I am so angry that Agent Carter got cancelled, you guys. So very, very angry. I am going to miss seeing Peggy Carter on my television screen so very much. The 42nd most popular name in the United States in the ‘40s, “Peggy” was given to 72,113 baby girls then; a form of “Margaret” (also popular in the ‘40s, to the tune of 173,012 babies), it means “pearl.”
A huge number of creative people throughout history have been named “Clifford,” from Clifford Brown to Clifford Harper (and also a big, red dog). To be fair, it wasn’t the most popular name in the ‘40s — it only ranks 101, with 25,819 Cliffords being born then — but it’s still a pretty fantastic name. English in origin, it means — unsurprisingly — “lives near the ford by the cliff.” (Get it?)
A variant of “Helen” (which was also popular during the ‘40s, ranking at number 34), “Eileen” means “bright, shining one.” While not quite as popular as its more common cousin — "Eileen" came in at number 89 in comparison — it’s a classy alternative, although odds are that any Eileens who enter the world now are going to spend their lives fielding “Come On, Eileen” jokes. Consider yourselves warned. But hey, at least you've got Eileen Brennan on your side, too, right?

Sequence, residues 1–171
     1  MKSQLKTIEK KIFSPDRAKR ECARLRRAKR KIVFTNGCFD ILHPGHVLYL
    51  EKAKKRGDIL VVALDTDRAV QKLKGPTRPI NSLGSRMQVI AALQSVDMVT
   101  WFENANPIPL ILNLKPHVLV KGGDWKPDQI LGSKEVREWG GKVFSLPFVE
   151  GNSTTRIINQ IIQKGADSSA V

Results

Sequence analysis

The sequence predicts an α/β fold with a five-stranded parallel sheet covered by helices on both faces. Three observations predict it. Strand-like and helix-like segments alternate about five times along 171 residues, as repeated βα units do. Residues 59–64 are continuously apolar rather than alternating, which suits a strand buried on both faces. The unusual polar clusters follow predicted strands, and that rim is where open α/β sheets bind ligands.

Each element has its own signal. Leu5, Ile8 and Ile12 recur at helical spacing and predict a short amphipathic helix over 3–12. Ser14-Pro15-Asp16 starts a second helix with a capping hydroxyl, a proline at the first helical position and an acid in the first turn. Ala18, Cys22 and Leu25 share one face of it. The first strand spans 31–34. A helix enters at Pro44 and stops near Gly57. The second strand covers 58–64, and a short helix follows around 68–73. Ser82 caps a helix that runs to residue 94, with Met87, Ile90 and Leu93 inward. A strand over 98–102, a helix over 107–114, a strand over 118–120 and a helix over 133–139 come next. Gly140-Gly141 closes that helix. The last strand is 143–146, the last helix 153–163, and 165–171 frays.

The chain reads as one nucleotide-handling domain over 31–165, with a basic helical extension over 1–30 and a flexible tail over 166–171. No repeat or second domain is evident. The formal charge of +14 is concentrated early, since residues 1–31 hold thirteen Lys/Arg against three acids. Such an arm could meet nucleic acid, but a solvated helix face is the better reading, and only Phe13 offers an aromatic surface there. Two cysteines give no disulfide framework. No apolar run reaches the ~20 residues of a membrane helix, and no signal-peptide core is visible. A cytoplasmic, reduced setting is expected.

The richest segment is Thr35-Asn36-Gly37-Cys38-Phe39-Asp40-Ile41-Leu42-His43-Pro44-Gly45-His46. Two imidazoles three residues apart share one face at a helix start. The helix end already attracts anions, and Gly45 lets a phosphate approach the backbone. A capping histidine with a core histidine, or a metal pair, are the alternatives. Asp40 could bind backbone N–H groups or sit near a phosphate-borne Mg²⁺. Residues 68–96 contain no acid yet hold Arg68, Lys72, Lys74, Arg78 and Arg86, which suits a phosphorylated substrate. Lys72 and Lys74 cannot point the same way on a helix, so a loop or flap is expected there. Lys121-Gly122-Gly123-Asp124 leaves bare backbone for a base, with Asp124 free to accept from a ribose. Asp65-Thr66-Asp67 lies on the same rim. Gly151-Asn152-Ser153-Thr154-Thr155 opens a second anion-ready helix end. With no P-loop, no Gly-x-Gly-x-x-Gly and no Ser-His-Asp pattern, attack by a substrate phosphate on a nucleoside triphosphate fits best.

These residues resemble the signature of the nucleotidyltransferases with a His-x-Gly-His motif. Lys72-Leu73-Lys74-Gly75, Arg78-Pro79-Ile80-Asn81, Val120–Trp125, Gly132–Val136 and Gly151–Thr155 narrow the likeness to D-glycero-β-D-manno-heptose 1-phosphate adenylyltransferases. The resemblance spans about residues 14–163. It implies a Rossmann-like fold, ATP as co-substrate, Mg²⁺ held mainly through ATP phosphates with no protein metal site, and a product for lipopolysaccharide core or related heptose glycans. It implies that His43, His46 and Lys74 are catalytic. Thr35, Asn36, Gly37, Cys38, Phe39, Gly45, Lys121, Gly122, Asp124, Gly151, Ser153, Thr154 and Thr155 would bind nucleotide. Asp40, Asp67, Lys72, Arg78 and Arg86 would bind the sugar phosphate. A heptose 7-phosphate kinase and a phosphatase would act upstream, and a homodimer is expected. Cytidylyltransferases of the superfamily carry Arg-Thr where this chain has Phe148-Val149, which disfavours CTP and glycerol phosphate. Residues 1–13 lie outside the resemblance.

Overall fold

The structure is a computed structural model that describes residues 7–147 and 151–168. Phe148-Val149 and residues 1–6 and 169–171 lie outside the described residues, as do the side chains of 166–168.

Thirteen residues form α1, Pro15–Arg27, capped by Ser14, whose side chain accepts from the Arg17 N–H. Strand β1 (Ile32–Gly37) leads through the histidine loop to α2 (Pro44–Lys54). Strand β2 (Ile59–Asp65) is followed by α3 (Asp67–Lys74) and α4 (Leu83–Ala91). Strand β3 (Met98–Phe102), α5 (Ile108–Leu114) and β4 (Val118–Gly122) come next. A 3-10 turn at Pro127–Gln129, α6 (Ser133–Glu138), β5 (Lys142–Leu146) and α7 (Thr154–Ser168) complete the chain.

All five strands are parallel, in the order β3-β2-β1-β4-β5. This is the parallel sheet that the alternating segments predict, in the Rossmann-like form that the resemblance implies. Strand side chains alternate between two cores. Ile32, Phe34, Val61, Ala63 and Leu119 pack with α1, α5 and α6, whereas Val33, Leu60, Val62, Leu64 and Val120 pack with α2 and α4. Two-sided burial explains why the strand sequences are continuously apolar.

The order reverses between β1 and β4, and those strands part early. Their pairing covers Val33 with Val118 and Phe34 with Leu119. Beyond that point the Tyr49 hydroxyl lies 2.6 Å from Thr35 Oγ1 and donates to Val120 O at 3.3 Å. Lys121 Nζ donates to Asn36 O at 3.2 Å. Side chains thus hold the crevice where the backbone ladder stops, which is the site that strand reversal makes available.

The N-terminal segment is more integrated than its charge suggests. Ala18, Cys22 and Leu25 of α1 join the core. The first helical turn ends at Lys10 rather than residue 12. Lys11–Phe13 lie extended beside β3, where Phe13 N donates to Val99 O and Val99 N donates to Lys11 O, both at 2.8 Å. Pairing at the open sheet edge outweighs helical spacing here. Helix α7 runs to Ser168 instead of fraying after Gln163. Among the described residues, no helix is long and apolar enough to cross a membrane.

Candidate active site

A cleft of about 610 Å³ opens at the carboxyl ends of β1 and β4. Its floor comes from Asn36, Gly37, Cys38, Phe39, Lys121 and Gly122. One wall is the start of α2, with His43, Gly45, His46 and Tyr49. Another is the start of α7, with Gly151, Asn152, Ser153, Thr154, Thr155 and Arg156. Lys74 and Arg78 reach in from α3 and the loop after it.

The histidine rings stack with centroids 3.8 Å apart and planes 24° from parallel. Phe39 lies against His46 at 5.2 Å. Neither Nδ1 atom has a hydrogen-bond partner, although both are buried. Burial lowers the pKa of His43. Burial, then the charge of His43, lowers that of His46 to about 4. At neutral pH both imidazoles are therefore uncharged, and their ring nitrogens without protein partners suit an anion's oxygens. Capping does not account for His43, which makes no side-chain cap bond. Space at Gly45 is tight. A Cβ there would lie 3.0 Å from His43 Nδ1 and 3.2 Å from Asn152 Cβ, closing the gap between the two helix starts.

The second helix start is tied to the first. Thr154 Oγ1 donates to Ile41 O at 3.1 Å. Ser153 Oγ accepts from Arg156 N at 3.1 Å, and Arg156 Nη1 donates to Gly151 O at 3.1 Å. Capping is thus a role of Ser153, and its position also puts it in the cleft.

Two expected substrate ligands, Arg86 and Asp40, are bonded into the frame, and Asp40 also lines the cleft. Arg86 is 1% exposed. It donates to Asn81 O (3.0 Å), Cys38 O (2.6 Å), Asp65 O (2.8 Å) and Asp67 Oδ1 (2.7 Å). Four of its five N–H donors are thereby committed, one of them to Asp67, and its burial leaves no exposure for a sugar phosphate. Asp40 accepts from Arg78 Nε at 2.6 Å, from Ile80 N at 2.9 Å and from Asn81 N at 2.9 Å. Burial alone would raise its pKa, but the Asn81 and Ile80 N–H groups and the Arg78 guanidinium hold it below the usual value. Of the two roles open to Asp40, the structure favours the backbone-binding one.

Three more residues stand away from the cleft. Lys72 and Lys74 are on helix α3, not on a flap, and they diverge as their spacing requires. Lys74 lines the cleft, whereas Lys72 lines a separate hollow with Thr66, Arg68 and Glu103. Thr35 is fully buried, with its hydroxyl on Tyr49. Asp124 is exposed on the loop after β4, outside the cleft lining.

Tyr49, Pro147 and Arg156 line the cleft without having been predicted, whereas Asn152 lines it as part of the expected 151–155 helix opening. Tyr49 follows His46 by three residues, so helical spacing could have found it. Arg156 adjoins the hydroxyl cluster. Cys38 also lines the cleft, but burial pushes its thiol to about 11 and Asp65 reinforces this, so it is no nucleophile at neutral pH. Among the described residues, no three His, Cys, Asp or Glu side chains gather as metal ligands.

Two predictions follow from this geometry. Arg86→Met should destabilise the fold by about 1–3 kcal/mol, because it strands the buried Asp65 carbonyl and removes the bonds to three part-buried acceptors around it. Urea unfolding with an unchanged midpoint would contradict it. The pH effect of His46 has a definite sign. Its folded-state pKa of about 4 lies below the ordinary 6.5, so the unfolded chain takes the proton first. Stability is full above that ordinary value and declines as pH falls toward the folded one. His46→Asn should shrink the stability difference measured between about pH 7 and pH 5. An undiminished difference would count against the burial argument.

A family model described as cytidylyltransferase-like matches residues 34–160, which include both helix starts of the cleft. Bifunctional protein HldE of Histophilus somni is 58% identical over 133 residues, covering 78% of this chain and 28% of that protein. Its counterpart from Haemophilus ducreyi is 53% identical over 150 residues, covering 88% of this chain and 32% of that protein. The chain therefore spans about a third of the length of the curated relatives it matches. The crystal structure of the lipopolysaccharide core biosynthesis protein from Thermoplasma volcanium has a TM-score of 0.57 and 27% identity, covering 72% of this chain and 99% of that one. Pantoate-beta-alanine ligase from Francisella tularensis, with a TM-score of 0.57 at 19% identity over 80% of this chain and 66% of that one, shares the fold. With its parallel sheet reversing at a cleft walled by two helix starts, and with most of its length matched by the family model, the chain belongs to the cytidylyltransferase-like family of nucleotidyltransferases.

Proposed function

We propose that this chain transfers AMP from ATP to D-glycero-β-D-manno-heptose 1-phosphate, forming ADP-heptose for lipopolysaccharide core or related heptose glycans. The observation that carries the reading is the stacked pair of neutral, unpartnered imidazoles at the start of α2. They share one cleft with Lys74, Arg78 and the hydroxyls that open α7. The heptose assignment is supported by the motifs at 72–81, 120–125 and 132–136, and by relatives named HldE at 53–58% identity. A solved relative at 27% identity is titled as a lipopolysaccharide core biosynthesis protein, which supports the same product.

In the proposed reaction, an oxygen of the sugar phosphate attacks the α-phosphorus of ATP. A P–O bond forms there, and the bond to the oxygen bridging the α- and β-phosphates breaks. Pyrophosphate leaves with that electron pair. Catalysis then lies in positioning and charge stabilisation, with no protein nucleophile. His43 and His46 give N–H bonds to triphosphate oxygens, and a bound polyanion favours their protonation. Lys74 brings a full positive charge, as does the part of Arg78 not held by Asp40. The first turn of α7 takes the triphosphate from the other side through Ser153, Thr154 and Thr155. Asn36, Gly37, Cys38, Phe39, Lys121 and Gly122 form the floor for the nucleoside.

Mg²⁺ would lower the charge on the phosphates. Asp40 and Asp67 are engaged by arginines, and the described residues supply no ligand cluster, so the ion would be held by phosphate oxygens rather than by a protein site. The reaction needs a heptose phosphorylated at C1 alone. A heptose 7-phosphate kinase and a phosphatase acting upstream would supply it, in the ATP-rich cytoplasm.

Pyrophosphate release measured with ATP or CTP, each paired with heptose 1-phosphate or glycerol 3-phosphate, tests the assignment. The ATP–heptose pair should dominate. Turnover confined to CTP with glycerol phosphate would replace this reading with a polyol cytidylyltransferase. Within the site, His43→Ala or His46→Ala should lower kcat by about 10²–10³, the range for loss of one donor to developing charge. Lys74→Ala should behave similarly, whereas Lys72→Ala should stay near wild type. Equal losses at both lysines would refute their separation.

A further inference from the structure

OK, so admittedly, one of the most well-known Stanleys of the ‘40s isn’t exactly a shining example worthy of being a namesake; Stanley Kowalski of A Streetcar Named Desire, which made its Broadway premiere on Dec. 3, 1947, is pretty much the definition of toxic masculinity. But maybe it’s time to reclaim the name. Coming in at number 61in terms of popularity, “Stanley” was given to 46,262 baby boys during the 1940s; it means “from near the stony meadow.”
Tired of “Laura?” Give “Loretta” a shot. It wasn’t wildly popular in the ‘40s; like “Clifford,” it hovers around the 100 mark (with a precise ranking of 105 and 30,119 babies). Still, though — it’s lovely and old-fashioned, and “Etta” makes a great nickname. It means “little laurel.”
“Freddie” was firmly perceived as a boy’s name during the 1940s, coming in at number 149 in popularity with 15,372 babies. It’s a terrific gender neutral pick, though, either on its own or as a shortened version of something else (Frederick? Francesca? Winifred?) As a variant of “Frederick,” it means “peaceful ruler,” although that meaning might change depending on your full-length inspiration. (“Winifred,” for example, means “peaceful friend.”)